Note: Subprime are those with an Equifax Risk Score below 620; near prime are from 620 to 719; prime are greater than 719. Scores are measured contemporaneously. The data are converted to constant 2020 dollars using the consumer price index.
Source: Federal Reserve Bank of New York Consumer Credit Panel/Equifax; Bureau of Labor Statistics, consumer price index via Haver Analytics.
The share of mortgages either delinquent or in loss mitigation remains well above normal
Mortgage debt accounts for roughly two-thirds of total household credit, with mortgage extensions skewed toward prime borrowers in recent years (figure 2-10). Widespread loss-mitigation measures have helped reduce the effect of the pandemic on mortgage delinquencies (figure 2-11). 9 The share of mortgages that are either delinquent or in loss mitigation was 5.8 percent in , down from its recent peak of 8.9 percent in . 10 Since the s have been extended through at least the summer of this year, providing additional support to households.
2-10. Estimates of New Mortgage Volumes to Households
Note: Year?over?year change in balances for the second quarter of each year among those households whose balance increased over this window. Subprime are those with an Equifax Risk Score below 620; near prime are from 620 to 719; prime are greater than 719. Scores were measured one year ago. The data are converted to constant 2020 dollars using the consumer price index. Key identifies bars in order from left to right.
Source: Federal Reserve Bank of New York Consumer Credit Panel/Equifax; https://www.yourloansllc.com/bad-credit-loans-ri/ Bureau of Labor Statistics, consumer price index via Haver Analytics.
2-11. Mortgage Loss Mitigation and Delinquency
Note: Loss mitigation includes tradelines that have a narrative code of forbearance, natural disaster, payment deferral (including partial), loan modification (including federal government plans), or loans with no scheduled payment and a nonzero balance. Delinquent includes loans reported to the credit bureau at least 30 days past due. The line break represents the data transitioning from quarterly to monthly beginning .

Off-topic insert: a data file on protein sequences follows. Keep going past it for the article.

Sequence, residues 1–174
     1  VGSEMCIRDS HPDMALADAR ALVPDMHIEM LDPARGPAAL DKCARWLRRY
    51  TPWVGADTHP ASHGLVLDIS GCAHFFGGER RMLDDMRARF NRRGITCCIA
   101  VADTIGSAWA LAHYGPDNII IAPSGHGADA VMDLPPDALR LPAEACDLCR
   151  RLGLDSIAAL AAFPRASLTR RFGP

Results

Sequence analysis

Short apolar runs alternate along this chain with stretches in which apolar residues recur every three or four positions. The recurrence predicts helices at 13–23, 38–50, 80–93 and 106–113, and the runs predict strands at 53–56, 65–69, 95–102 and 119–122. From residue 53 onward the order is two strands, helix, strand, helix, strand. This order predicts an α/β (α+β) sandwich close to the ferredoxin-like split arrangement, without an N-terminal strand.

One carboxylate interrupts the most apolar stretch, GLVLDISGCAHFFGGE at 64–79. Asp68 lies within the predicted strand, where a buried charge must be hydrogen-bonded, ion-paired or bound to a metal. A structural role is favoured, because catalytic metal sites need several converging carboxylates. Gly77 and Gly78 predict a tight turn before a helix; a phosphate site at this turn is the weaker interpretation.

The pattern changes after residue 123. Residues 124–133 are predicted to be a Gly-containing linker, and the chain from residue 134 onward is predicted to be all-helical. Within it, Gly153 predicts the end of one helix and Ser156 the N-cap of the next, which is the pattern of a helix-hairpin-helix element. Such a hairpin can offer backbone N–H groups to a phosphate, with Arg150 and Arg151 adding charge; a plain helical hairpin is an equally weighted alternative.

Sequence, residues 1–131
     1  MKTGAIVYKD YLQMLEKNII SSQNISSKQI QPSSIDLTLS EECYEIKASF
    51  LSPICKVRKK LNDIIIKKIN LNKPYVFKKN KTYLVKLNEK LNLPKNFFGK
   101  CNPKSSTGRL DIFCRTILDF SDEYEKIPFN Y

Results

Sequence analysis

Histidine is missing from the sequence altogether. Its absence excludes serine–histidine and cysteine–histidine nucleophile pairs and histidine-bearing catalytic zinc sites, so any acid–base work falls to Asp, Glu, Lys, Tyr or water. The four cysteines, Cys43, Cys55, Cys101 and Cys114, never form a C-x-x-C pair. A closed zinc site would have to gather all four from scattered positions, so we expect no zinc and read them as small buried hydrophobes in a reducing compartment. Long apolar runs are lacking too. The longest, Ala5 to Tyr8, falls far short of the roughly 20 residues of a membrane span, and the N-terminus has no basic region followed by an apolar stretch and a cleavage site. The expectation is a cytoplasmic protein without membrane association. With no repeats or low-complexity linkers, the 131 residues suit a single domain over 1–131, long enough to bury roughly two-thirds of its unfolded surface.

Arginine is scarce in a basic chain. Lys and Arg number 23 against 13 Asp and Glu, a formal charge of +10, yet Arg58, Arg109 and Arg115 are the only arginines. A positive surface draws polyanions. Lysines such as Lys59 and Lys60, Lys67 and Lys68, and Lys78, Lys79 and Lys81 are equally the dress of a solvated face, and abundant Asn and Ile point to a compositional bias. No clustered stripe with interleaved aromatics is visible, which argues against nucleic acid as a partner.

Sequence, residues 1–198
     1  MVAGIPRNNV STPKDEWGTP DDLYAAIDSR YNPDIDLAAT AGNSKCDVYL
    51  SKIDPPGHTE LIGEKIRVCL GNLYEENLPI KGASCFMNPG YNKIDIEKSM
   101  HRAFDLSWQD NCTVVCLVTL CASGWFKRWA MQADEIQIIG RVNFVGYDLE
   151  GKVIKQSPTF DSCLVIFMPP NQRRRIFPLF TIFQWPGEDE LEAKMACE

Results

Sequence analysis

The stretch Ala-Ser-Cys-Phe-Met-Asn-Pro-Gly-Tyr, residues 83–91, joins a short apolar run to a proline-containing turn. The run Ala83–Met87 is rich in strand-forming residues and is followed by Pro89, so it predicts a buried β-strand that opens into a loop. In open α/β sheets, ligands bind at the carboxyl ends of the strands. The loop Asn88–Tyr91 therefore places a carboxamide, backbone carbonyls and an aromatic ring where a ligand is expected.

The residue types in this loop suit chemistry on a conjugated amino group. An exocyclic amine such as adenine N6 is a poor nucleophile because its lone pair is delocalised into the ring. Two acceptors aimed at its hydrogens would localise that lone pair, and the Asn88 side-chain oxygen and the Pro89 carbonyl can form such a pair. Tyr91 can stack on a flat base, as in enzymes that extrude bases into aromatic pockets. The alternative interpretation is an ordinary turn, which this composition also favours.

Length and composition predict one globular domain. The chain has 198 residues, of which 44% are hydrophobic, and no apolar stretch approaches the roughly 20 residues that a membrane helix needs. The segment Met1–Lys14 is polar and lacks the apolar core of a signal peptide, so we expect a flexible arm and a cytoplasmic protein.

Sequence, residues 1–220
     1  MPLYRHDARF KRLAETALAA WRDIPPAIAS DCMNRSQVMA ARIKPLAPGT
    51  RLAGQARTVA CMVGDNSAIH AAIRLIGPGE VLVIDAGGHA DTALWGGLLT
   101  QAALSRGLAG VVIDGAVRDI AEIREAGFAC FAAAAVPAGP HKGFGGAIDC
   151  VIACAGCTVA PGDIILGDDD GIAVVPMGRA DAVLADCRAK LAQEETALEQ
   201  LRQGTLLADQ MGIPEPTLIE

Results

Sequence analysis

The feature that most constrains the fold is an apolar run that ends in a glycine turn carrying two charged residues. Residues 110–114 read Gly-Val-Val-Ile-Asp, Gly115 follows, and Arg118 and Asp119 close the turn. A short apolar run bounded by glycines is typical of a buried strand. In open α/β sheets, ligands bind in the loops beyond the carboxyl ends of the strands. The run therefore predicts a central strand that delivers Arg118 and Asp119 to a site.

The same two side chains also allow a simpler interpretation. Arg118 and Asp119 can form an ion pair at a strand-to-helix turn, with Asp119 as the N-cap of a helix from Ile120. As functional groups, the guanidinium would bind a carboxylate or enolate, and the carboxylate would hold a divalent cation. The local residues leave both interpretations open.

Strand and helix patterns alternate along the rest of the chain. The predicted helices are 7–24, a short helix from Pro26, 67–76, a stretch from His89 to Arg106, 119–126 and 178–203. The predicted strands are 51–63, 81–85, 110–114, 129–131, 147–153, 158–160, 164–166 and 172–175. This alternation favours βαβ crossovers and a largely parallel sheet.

Borrowers still in mortgage forbearance may be more vulnerable to the end of government support as well as to adverse shocks. Survey evidence suggests that these borrowers are more likely to be employed in industries hard hit by the pandemic, to have suffered income losses in the past year, and to be delinquent or in forbearance on other forms of debt. Even so, a large fraction of borrowers have already exited forbearance-in general, these borrowers have loans that are either current or paid off.
At the same time, the significant growth in house prices over the past year, noted earlier in this report, has contributed to the very low estimated share of outstanding mortgages with negative equity (figure 2-12). The ratio of outstanding mortgage debt to home values at the end of last year remains at a modest level (figure 2-13).
2-12. Estimates of Mortgages with Negative Equity
Note: Estimated share of mortgages with negative equity according to CoreLogic and Zillow. For CoreLogic, the data are monthly. For Zillow, the data are quarterly and, for 2017, are available only for the first and fourth quarters.
2-13. Estimates of Housing Leverage
Note: Housing leverage is estimated as the ratio of the average outstanding mortgage loan balance for owner?occupied homes with a mortgage to (1) current home values using the CoreLogic national house price index and (2) model?implied house prices estimated by a staff model based on rents, interest rates, and a time trend.
Consumer credit edged down
Most of the remaining one-third of total debt owed by households is consumer credit, which consists mainly of student loans, auto loans, and credit card debt (figure 2-14). Table 2 shows that consumer credit edged down in 2020 and currently stands at a little more than $4 trillion. Auto loan balances expanded moderately, on net, over 2020, driven entirely by borrowers with prime and near-prime credit scores (figure 2-15).